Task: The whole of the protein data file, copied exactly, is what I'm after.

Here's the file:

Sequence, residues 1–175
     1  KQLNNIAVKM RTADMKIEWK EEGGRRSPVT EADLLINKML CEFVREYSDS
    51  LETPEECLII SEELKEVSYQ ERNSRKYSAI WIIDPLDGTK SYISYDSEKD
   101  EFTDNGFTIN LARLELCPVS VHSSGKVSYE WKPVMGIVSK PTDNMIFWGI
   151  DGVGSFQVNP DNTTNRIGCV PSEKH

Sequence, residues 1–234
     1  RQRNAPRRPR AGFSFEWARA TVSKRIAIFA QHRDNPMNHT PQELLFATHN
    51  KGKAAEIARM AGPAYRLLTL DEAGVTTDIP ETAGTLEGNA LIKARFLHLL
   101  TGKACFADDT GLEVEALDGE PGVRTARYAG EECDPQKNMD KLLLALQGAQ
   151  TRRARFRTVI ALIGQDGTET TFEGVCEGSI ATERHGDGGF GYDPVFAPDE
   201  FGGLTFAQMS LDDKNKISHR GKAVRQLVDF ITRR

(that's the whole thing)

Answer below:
Sequence, residues 1–175
     1  KQLNNIAVKM RTADMKIEWK EEGGRRSPVT EADLLINKML CEFVREYSDS
    51  LETPEECLII SEELKEVSYQ ERNSRKYSAI WIIDPLDGTK SYISYDSEKD
   101  EFTDNGFTIN LARLELCPVS VHSSGKVSYE WKPVMGIVSK PTDNMIFWGI
   151  DGVGSFQVNP DNTTNRIGCV PSEKH

Sequence, residues 1–234
     1  RQRNAPRRPR AGFSFEWARA TVSKRIAIFA QHRDNPMNHT PQELLFATHN
    51  KGKAAEIARM AGPAYRLLTL DEAGVTTDIP ETAGTLEGNA LIKARFLHLL
   101  TGKACFADDT GLEVEALDGE PGVRTARYAG EECDPQKNMD KLLLALQGAQ
   151  TRRARFRTVI ALIGQDGTET TFEGVCEGSI ATERHGDGGF GYDPVFAPDE
   201  FGGLTFAQMS LDDKNKISHR GKAVRQLVDF ITRR